Saturday, February 11, 2012

What's below the surface

I've been thinking about one of the comments posted recently, by user CSDVM on the "Veterinarians Behaving Very Badly" blog post. This user wrote:
"I too worked for one of these guys while in high school. He was also abusive to certain staff, throwing retractors in surgery, etc. He once choked a dog to death that was resisting anesthetic induction prior to spaying. He took the dog into surgery and opened it up so he could tell the client it died from surgical complications. There were many other incidences. He too was very well respected in the community, practiced in the wealthiest area of town. He made it very clear that that his recommendation would be necessary for entrance to veterinary school. No one in my practice is even allowed to yell at an animal unless under immediate attack (thank goodness that is almost never). If an animal is very agressive, that is when modern pharmacology makes everyone's life more pleasant."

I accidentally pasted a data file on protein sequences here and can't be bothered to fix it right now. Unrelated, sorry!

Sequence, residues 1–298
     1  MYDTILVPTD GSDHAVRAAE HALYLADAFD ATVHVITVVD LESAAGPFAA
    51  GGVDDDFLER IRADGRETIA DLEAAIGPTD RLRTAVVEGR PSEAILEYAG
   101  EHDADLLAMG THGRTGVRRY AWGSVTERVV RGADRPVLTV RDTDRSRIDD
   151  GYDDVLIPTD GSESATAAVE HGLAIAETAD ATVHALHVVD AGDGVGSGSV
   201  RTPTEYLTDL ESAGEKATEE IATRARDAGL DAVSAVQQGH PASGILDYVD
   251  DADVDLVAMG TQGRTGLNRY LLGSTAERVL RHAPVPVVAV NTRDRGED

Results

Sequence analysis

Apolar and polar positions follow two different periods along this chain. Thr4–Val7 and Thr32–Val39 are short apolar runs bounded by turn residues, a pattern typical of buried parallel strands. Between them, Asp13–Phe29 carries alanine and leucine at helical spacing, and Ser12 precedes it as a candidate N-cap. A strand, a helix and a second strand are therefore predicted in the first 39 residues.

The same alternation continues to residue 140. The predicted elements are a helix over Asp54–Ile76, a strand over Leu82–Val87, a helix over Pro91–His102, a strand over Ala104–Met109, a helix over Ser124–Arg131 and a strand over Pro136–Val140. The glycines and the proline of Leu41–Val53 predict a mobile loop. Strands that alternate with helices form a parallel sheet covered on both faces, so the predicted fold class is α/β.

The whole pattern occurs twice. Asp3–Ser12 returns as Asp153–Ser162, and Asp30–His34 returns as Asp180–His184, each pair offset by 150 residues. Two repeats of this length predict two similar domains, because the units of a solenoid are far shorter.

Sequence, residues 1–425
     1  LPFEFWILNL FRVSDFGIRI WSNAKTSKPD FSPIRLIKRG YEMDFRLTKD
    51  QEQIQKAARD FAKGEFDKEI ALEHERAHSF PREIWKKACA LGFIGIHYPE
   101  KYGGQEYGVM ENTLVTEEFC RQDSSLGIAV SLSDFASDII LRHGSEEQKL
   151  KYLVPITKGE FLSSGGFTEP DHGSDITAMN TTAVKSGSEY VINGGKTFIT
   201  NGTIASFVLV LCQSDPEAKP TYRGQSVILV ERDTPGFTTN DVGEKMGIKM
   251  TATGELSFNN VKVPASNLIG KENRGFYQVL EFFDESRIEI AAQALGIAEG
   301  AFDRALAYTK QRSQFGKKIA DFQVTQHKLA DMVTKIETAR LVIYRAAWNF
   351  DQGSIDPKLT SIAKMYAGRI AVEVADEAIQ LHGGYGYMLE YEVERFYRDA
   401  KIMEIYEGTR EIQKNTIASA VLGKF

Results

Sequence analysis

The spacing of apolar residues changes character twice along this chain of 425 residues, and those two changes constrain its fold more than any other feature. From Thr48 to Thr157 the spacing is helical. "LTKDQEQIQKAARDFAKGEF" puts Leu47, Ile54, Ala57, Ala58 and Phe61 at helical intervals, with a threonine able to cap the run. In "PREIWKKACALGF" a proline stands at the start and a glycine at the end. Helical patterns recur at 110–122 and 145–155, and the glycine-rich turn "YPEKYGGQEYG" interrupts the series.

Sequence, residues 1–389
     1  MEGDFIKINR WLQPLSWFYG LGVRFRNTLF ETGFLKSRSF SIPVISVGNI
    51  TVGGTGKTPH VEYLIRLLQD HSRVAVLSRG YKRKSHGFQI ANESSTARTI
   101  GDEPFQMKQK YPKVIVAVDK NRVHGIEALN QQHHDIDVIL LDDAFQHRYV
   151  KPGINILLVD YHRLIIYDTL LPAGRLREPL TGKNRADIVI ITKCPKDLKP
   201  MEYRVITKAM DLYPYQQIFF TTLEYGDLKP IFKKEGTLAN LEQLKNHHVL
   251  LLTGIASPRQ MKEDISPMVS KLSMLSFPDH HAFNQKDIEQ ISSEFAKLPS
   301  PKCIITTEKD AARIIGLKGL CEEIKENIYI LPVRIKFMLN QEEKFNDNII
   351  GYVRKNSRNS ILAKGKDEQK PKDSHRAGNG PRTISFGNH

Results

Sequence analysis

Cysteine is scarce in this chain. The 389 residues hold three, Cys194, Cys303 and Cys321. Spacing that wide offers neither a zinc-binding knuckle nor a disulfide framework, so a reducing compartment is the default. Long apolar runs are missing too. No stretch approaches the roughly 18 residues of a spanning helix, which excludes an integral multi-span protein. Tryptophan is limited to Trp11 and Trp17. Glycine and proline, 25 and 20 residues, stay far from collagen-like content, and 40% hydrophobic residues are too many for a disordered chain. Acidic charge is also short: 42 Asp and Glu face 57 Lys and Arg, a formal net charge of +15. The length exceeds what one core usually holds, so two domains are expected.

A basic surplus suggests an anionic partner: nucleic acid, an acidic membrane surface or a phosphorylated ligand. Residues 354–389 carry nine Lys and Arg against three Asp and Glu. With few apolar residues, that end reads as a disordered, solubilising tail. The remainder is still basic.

It made me wonder how many people like that there really are out there. I mean - not just veterinarians. There was that terrible story a few years back about the pediatrician who was molesting patients in Delaware. I imagine none of the parents ever thought he would ever do something like that, but he did. There's video evidence. It seems to me that some of these people, these sociopaths who put their own needs above those of everyone else in their lives, are so good at hiding it, it's frightening.

Anyway, the point of this post is not to scare you, gentle readers, into thinking that everyone you encounter is out to get you. It's just that this comment by CSDVM put me in mind of my own past experience, and I wanted to share it. So here I go.

Years ago, before I was a graduate veterinarian, I was working in an animal hospital in my home town. The owner of the practice was a well-respected member of the community. He took care of my parents' pets. He was very good-looking and charming. All of his clients loved him. Do you see where this is going? I was totally under his spell until I started working there. While I worked there, these things happened: